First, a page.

December 11, 2008 — In comments submitted to the U.S. Department of Agriculture’s Animal and Plant Health Inspection Service (APHIS), the American Herbal Products Association (AHPA) requests the Congressional focus of recent amendments to the Lacey Act be maintained on timber species by exempting plants used in or as foods, drugs, and cosmetics from importation declaration requirements established by the new amendments.
The Lacey Act, which was originally adopted in 1900, has been described as the United States’ oldest wildlife protection statute. Under new amendments to the act, importers of both plants and “products thereof” are required to file upon importation a declaration that contains: “(A) the scientific name of any plant (including the genus and species of the plant) contained in the importation; (B) a description of (i) the value of the importation; and (ii) the quantity, including the unit of measure, of the plant; and (C) the name of the country from which the plant was taken.”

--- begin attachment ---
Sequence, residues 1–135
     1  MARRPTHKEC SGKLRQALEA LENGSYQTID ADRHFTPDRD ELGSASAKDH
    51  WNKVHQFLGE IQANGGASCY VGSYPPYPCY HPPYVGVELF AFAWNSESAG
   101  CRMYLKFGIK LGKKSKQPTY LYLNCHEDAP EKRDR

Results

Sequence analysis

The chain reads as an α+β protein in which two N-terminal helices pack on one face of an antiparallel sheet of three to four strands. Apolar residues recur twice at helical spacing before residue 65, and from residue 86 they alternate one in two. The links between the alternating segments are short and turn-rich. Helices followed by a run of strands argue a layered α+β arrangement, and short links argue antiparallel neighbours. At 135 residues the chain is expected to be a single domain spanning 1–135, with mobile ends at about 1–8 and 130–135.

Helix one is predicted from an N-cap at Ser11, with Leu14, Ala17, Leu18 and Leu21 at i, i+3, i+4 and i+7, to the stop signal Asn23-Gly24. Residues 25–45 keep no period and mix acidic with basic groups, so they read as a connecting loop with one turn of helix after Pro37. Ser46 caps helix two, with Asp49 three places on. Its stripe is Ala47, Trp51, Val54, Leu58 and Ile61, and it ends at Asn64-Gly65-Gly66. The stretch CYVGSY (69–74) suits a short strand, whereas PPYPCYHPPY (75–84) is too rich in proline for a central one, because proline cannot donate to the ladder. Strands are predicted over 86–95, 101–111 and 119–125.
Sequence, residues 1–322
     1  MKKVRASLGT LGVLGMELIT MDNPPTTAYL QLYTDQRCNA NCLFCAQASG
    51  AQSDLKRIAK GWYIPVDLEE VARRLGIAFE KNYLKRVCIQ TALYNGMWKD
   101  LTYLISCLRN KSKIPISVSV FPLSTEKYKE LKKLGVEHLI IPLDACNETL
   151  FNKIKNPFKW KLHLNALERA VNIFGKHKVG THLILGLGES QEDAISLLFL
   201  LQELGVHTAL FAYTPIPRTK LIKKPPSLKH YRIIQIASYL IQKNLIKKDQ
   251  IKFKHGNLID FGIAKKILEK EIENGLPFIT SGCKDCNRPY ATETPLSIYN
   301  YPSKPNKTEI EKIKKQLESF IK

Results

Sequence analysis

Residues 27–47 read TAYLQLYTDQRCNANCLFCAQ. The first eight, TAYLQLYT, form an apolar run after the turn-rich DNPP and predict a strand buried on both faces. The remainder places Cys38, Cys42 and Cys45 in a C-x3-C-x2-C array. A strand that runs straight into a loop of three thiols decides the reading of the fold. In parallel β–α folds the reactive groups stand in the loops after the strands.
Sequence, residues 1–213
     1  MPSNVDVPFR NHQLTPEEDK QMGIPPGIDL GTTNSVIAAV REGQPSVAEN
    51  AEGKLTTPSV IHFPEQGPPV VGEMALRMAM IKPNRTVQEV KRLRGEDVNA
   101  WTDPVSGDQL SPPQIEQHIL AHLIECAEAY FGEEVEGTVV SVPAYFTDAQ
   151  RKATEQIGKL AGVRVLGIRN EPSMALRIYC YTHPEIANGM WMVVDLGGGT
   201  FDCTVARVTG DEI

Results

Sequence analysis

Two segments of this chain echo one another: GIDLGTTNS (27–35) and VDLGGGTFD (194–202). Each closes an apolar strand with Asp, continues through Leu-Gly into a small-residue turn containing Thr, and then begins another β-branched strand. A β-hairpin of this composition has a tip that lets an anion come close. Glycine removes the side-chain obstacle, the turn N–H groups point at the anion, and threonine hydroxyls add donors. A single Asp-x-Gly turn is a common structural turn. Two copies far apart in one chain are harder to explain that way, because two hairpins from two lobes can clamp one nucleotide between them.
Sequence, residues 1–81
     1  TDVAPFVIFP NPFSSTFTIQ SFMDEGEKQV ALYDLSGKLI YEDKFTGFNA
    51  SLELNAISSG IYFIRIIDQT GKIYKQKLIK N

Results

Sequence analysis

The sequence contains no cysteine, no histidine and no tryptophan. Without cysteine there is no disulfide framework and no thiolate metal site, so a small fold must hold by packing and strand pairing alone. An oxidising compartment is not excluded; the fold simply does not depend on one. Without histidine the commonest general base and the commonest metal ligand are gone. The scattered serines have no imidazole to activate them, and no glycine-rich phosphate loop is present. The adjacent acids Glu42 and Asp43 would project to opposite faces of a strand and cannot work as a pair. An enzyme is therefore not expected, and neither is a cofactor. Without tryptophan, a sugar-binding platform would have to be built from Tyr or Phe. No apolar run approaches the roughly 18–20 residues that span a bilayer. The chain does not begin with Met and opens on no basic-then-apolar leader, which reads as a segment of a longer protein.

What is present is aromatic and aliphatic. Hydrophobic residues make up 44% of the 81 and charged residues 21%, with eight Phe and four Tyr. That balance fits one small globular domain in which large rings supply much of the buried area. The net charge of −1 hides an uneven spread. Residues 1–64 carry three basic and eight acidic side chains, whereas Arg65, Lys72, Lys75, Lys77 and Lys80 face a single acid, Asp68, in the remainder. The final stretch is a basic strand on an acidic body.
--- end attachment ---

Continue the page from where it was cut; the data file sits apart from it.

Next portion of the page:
The plants covered by the requirements may include (depending on how the law is interpreted and implemented) any plant, plant part, or plant product, except for those identified as “common cultivars” or “common food crops.” The Congressional sponsors of the act’s amendments, however, were explicit in communicating their purpose as providing a deterrent to imports of timber and timber products produced from illegal logging.
AHPA’s comments are available here: www.ahpa.org/portals/0/pdfs/08_1208_AHPA_Comments_on_Lacey_Act_Final.pdf
For more information see also the Nov. 13, 2008 AHPA Update “USDA to Implement Amendments to Lacey Act; May Impact ALL Plant Imports”: www.ahpa.org/Default.aspx?tabid=69&aId=494&zId=1
Source: American Herbal Products Association, www.ahpa.org